You are currently 101 days from your due date, squirming around and kicking me as your big brother nurses himself down to sleep on my lap.
You are my third child and first daughter. With my sons I was passionate about giving them the best, and because of my experiences with early breastfeeding I was passionate about helping others past what hurdles I could. I wanted to normalize breastfeeding so that they would understand the breast to be a comforting source of nutrition long before they became aware of the way in which society has sexualized women. I wanted their right to eat in public to be protected and free from harassment. I wanted them to grow to be strong supportive men like their father is so that one day they could reassure and support their wives through those early sleepless days and nights of motherhood.
You, however, have given me an extra goal.
You see, the mothers of my mother’s generation had to relearn breastfeeding from the ground up after their mothers were sabotaged by the “formula era” where women were discouraged, injected with medications to dry up their milk, and lied to about the needs of their babies and the quality of their milk.
They never experienced the cultural flow of breastfeeding from mother to daughter. They remember things dimly from decades ago, and fumble while trying to help us. Often the best they can offer is the reassurance that things seem okay.
For you, daughter, I want you to have a community rich with mothers who have inherited the information they needed from others and who are continuing the tradition of support. I want breastfeeding to be normalized so that it is no longer looked upon as something to be hidden. I want the infighting and guilt tripping and negativity to fade, and the judgement to wither as women learn to mother each other and be gentle with one another while helping them provide for their baby’s needs.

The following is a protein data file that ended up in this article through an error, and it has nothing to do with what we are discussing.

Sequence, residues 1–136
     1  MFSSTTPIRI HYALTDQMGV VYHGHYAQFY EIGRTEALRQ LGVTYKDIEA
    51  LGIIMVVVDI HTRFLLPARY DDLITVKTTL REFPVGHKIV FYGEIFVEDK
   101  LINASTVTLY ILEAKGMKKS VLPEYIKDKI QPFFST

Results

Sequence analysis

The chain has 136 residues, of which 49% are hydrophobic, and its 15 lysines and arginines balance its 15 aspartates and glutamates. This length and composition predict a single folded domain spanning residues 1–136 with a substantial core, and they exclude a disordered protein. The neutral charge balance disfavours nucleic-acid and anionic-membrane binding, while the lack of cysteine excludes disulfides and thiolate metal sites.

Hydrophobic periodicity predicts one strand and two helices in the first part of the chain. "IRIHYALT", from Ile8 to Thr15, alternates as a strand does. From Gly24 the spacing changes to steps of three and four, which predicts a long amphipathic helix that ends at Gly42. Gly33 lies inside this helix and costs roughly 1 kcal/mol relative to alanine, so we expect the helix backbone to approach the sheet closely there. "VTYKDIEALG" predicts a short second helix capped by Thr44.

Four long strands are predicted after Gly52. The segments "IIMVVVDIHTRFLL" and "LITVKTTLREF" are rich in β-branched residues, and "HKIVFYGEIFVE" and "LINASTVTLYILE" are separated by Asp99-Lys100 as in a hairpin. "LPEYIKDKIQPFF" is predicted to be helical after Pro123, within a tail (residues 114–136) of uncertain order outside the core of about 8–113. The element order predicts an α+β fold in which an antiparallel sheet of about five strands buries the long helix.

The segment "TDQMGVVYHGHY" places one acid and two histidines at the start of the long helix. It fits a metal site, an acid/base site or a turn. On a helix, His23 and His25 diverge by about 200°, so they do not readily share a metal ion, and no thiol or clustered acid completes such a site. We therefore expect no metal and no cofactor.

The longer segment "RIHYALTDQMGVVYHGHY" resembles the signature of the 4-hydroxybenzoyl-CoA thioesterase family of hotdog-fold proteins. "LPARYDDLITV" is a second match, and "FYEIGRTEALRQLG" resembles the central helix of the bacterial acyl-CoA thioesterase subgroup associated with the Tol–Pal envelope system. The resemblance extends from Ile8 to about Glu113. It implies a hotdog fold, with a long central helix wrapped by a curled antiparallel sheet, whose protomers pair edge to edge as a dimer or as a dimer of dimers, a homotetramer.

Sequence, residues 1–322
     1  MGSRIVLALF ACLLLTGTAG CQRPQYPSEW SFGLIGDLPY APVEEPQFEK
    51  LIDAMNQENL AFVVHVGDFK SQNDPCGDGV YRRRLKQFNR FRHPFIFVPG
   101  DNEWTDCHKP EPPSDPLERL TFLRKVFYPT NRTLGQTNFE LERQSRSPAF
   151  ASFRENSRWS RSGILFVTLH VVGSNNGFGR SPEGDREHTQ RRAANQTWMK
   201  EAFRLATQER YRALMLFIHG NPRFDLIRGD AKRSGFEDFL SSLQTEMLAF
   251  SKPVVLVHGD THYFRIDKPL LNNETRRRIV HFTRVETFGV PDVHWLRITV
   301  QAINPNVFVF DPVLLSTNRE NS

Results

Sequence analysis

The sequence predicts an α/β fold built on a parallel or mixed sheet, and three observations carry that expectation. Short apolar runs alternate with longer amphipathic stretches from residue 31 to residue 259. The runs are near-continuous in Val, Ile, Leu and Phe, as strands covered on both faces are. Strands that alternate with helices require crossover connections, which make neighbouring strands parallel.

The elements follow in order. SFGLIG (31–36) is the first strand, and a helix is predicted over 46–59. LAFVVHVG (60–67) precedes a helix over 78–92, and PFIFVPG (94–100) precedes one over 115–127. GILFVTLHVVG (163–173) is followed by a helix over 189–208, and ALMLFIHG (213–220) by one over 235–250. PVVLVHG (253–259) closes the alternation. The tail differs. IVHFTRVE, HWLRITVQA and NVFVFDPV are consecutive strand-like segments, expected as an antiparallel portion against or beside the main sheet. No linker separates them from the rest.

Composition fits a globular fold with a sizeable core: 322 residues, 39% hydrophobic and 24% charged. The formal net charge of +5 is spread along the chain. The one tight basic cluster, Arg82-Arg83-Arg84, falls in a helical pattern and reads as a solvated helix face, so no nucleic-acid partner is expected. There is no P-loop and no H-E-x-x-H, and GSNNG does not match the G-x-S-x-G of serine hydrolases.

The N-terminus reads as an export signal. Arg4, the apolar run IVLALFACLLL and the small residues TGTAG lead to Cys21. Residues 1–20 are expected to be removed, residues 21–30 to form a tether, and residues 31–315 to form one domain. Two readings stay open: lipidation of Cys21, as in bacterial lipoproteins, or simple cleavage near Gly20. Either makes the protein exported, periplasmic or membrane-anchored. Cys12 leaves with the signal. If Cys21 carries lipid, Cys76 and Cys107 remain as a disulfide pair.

It is my goal to help other mothers, discuss the controversies surrounding breastfeeding, reduce the attacks, and to encourage moms to help one another.
I want to be a contributor to this particular layer of the foundation of your future support network as a mother.
I love you and your brothers dearly. I, as we all are, am deeply imperfect and am blessed and honored by your existence in my life. You are my life’s most precious moments. While I cannot give you perfection in every area of life, I can give you the best where I can, and when I can I will.
Mahmie/Mommy/Nursh/Mom/Mummy and all the various names I have been called thus far.
(Who started this letter last night while nursing your brother and finished it this morning because he ended up biting me and rendering me unable to use my cell phone. 😛 One bit of advice to you: Nursing manners do not always work with teething children. :p)